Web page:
End To End Scalable Machine Learning Project On Google Cloud With Beautiful Front End with Big Data-II

This is the last post of our blogs full hands on tutorial of machine learning at scale with Big data on cloud so holds your hand tight as its about to finish . If you ditch me like my past girlfriends i will still be same desperate for your response and hope that one day you will see my previous posts that I am providing here.

  1. Exploring the dataset and visualizing it.
  2. Building Machine learning regression model using DNN.

So let’s build the final concepts and serve what we build in web .

So at first we will talk about:

So first thing first why loud DataFlow Because it allow us to process static and dynamic data at the same time that means you can do double business with same logic . We can apply same machine learning logic to train and test with end user.

To do this we will use Apache Beam ……..have you heard about it frankly I didn’t so don’t get panic the reason for beam is

It allows us to build our data pipeline now don’t get panic about data pipeline it is simply a pipeline that will transform the data from raw format to our required format let me explain suppose as a hard working underpaid data scientist you build a beautiful model that uses the feature which is a hash of concatenation of pin number and state code for prediction of credit defaulter (we have huge defaulters in our country so your model will be a warning to their future generations) but can you ask your End-user(here bank) to fill the webform in that format no write so they will type pincode and state name separately and it’s you as a data Engineer who will do some black magic that produce the data as your model understand it , it is nothing but data pipeline .

Do you leave in Big city or you are a small town boy like me . If you live in Big City where you will get everything with a price tag just examine your water system you will find that the water is taken from some local river then it lifts into reservoir then after filtering you will get water for bath ,cook etc. data pipeline is just like same except we will feed raw data instead of raw water.

take a look at a sample pipeline:

Always remember to run the pipeline you need to call the run method .The most important thing is that the pipeline code is same for Batch and stream processing in fact the word Beam in Apache Beam is a concatenation of Batch and stream.

Here is an example of a pipeline that reads from Bigquery and transform the data and store it into cloud storage as csv file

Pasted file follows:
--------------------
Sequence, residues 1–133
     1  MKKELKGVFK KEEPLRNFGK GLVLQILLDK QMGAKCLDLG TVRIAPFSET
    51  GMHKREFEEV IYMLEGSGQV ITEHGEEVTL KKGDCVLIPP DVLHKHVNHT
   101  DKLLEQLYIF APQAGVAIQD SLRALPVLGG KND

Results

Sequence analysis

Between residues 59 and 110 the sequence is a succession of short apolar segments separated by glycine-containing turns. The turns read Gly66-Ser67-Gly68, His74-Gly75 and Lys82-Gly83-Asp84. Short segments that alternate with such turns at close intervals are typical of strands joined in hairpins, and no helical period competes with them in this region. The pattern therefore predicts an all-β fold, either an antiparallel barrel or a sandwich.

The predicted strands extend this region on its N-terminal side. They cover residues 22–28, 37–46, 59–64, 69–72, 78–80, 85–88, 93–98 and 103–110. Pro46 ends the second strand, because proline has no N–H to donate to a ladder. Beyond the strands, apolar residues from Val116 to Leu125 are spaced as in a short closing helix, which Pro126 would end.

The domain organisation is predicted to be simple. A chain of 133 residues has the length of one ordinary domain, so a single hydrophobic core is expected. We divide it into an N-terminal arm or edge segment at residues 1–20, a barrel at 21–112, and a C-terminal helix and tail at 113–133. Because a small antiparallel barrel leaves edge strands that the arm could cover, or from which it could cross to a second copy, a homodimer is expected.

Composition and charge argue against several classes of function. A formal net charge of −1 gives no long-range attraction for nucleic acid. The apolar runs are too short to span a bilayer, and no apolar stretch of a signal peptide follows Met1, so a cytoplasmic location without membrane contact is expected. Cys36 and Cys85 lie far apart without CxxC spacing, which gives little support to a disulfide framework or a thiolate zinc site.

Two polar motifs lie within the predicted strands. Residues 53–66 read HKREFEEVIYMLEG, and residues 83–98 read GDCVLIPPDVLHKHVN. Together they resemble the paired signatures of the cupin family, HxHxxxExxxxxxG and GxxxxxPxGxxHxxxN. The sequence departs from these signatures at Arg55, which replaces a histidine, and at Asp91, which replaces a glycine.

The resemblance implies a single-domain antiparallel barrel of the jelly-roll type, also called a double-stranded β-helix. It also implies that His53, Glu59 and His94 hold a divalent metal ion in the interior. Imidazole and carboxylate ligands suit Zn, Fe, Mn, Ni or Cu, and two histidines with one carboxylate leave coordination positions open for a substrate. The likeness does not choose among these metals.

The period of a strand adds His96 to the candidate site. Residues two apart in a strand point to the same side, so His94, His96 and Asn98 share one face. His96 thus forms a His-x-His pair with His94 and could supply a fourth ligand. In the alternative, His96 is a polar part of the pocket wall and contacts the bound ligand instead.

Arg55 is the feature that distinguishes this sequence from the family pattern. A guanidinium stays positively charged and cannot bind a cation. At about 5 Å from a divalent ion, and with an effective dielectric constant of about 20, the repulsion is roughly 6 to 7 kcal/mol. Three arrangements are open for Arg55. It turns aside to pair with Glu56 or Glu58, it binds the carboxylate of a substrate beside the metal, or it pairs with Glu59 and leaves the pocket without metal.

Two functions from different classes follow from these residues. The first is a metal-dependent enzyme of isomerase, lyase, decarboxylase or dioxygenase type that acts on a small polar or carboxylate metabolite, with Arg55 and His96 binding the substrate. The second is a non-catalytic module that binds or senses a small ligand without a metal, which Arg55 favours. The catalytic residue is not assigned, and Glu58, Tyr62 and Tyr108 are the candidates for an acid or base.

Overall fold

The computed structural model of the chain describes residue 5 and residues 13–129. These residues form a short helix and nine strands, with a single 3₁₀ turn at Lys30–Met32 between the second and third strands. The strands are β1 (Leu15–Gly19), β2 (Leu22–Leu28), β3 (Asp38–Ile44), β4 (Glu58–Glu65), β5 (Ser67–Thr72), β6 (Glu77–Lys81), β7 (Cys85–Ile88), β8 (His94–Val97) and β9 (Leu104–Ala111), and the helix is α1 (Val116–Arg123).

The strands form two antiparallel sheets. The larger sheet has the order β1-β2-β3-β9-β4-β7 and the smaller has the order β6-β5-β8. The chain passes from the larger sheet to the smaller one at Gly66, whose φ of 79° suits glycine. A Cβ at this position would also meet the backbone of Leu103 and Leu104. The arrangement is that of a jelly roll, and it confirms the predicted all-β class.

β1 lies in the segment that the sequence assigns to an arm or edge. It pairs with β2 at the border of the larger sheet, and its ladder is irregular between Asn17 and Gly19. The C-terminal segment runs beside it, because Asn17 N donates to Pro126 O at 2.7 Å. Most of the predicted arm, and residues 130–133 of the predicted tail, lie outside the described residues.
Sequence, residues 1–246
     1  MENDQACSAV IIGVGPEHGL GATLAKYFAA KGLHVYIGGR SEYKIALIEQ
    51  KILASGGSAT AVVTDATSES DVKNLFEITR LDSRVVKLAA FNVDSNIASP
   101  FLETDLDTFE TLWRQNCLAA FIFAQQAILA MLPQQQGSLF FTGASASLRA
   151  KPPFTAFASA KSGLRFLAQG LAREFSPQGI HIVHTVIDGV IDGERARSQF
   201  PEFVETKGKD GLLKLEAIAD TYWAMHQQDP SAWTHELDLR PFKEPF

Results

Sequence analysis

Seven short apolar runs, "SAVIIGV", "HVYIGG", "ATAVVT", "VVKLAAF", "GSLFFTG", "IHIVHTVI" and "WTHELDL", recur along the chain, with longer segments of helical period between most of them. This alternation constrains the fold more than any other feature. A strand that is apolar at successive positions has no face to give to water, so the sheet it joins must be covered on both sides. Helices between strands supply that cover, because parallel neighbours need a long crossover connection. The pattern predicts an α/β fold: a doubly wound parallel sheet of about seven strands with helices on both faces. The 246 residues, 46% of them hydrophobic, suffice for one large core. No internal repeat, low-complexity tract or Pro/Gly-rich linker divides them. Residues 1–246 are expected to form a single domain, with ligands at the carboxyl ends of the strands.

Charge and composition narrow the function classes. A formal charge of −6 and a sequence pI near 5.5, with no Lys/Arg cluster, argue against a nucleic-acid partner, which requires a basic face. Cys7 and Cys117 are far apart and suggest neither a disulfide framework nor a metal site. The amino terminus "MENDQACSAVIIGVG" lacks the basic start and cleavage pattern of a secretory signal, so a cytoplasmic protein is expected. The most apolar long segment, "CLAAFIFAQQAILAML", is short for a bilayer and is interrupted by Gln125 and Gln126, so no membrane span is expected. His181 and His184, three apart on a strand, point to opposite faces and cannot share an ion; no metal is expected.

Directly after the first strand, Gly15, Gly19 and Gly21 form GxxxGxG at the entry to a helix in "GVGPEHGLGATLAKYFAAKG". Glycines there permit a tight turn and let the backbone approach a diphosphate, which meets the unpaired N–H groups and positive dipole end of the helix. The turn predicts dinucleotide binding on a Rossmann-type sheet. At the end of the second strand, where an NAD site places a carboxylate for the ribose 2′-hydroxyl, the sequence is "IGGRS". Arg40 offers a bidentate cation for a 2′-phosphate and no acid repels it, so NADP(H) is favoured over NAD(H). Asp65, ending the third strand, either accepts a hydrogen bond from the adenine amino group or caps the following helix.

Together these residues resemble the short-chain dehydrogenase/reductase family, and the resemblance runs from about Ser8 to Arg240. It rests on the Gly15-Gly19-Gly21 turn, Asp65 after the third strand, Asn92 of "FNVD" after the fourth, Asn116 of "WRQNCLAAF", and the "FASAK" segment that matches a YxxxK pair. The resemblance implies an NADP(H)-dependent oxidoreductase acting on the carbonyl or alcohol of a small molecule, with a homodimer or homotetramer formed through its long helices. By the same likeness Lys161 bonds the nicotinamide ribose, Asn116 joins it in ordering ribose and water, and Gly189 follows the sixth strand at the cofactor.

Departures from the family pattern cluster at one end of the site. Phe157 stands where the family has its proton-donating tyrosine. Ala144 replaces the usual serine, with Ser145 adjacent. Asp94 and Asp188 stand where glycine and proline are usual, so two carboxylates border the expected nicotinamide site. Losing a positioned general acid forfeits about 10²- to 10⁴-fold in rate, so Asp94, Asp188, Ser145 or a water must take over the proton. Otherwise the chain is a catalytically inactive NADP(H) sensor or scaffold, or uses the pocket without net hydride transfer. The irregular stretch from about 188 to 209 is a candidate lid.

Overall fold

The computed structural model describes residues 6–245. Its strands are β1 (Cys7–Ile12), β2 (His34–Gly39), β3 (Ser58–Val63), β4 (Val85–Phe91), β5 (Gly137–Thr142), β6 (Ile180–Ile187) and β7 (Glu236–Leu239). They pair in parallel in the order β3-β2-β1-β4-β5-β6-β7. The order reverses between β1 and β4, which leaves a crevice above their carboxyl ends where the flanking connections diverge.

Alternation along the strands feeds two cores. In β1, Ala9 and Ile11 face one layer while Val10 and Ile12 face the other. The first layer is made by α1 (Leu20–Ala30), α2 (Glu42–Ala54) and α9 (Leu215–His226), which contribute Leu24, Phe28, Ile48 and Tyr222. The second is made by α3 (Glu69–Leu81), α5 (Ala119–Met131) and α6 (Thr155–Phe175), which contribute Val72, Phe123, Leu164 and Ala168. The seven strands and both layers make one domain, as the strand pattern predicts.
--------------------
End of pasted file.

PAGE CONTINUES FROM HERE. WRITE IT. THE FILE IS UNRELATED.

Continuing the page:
Now we can execute our job here locally or on cloud ,If using cloud you will need dataflow runner

Now we are going to preprocess our entire dataset means real model building starts,
While Pandas is fine for experimenting, for operationalization of your workflow, it is better to do preprocessing in Apache Beam. This will also help if you need to preprocess data in flight, since Apache Beam also allows for streaming.

Again start by giving your identity like Driving license , property documents to datalab ..just kidding as it is going to be along post give your projectid bucket name and storage option to datalab start installing beam if not installed first save the query from our previous post first

# Create SQL query using natality data after the year 2000
query = """
SELECT
  weight_pounds,
  is_male,
  mother_age,
  plurality,
  gestation_weeks,
  ABS(FARM_FINGERPRINT(CONCAT(CAST(YEAR AS STRING), CAST(month AS STRING)))) AS hashmonth
FROM
  publicdata.samples.natality
WHERE year > 2000
"""

Create ML dataset using Dataflow

Let’s use Cloud Dataflow to read in the BigQuery data, do some preprocessing, and write it out as CSV files.

Instead of using Beam/Dataflow, I had three other options:

  • Use Cloud Dataprep to visually author a Dataflow pipeline. Cloud Dataprep also allows me to explore the data, so we could have avoided much of the handcoding of Python/Seaborn calls above as well!
  • Read from BigQuery directly using TensorFlow.
  • Use the BigQuery console (http://bigquery.cloud.google.com) to run a Query and save the result as a CSV file. For larger datasets, you may have to select the option to “allow large results” and save the result into a CSV file on Google Cloud Storage.

However, in this case, I want to do some preprocessing, modifying data so that we can simulate what is known if no ultrasound has been performed. If I didn’t need preprocessing, I could have used the web console. Also, I prefer to script it out rather than run queries on the user interface, so I am using Cloud Dataflow for the preprocessing.

Note that after you launch this, the actual processing is happening on the cloud. Go to the GCP webconsole to the Dataflow section and monitor the running job. It took about 20 minutes for me.

If you wish to continue without doing this step, you can copy my preprocessed output:

gsutil -m cp -r gs://cloud-training-demos/babyweight/preproc gs://your-bucket/
import apache_beam as beam
import datetime, os

def to_csv(rowdict):
  # Pull columns from BQ and create a line
  import hashlib
  import copy
  CSV_COLUMNS = 'weight_pounds,is_male,mother_age,plurality,gestation_weeks'.split(',')

  # Create synthetic data where we assume that no ultrasound has been performed
  # and so we don't know sex of the baby. Let's assume that we can tell the difference
  # between single and multiple, but that the errors rates in determining exact number
  # is difficult in the absence of an ultrasound.
  no_ultrasound = copy.deepcopy(rowdict)
  w_ultrasound = copy.deepcopy(rowdict)

  no_ultrasound['is_male'] = 'Unknown'
  if rowdict['plurality'] > 1:
    no_ultrasound['plurality'] = 'Multiple(2+)'
  else:
    no_ultrasound['plurality'] = 'Single(1)'

  # Change the plurality column to strings